Daily Herald (Provo, UT), March 26, 2008
“We can give people facts and statistics all day long. Those are valuable, but to really inspire people to make change, you need the human element,” said Lena Dibble, spokeswoman for the Bureau of Health Promotion in Utah’s Department of Health .
The bureau is launching the Utah Health Story Bank, a database where the public can post personal stories, whether chronic disease, healthy lifestyle changes or experiences with traumatic injury or domestic violence.
The stories are screened by staff but kept confidential unless permission is given to share them through community health promotions, research or to provide state lawmakers with information.
Glen Hanson, a University of Utah professor and the director of the Utah Addiction Center, said Story Bank is an interesting idea.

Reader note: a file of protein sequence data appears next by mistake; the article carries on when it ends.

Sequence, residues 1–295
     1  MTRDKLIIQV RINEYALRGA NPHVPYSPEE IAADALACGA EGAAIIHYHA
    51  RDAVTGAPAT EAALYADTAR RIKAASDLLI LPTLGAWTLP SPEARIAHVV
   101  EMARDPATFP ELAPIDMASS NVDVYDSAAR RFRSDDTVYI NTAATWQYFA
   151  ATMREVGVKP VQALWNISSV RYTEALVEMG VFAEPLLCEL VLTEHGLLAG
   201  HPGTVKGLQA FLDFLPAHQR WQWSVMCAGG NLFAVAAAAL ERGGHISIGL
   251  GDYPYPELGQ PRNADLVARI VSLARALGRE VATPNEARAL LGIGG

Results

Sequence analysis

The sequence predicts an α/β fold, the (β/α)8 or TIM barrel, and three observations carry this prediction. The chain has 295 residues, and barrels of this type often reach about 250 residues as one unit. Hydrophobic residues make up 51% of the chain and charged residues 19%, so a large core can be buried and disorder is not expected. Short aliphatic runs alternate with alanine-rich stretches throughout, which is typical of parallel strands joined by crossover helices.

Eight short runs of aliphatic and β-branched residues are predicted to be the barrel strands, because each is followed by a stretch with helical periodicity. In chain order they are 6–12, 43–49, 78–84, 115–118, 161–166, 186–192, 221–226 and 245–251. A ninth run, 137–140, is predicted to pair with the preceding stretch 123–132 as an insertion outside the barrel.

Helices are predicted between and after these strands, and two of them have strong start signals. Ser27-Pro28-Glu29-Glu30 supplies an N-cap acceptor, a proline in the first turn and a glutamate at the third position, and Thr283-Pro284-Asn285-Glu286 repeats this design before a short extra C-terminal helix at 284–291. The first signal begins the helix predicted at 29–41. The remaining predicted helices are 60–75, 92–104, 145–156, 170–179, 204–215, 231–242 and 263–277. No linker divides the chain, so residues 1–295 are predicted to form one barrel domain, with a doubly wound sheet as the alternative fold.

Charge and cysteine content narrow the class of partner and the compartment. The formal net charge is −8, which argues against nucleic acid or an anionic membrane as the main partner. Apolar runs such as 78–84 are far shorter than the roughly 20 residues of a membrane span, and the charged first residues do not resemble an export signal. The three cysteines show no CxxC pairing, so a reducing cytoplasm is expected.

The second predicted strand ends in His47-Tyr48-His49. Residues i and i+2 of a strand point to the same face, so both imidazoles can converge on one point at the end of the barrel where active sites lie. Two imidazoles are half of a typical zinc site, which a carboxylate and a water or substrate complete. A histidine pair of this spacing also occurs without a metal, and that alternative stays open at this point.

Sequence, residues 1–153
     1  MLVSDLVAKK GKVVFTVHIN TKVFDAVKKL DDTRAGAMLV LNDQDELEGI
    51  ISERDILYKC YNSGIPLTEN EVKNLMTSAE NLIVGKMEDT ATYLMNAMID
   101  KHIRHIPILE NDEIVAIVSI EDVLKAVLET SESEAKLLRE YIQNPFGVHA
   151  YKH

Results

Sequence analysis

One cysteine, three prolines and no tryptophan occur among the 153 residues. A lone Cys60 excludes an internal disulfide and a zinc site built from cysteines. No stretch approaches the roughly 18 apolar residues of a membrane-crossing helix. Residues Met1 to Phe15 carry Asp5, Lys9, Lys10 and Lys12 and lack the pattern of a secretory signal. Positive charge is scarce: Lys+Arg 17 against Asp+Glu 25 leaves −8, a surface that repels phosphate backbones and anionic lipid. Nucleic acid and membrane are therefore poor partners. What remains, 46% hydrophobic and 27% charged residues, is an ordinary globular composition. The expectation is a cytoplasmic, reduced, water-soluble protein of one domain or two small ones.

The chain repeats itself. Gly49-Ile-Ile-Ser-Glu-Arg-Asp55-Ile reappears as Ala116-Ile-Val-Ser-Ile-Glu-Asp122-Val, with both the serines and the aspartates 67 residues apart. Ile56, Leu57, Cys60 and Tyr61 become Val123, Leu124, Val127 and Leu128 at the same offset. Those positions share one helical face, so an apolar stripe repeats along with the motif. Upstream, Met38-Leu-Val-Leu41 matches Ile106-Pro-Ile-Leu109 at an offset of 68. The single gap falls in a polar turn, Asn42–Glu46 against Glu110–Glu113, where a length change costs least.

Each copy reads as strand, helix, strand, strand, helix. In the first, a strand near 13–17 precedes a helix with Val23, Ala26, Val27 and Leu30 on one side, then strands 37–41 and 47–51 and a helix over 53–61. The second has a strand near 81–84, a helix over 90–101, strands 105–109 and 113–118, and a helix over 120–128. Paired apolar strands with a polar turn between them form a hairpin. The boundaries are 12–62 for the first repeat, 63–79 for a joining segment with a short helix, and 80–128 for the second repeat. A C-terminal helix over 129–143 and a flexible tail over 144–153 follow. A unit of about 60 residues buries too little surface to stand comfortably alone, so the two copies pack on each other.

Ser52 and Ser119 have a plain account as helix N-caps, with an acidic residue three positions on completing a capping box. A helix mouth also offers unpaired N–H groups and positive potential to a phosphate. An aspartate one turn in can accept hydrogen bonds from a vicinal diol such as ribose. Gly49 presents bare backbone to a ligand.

Medical professionals, he said, have long valued the family history of patients and sharing personal experiences is a cornerstone of counseling addicts.
“When you have personal experiences, they always seem to pack a greater punch. … It puts it into a context and when you hear that, you’re much more likely to remember the details than if I were to rattle off facts,” Hanson said.
Subjects Covered: healing, medicine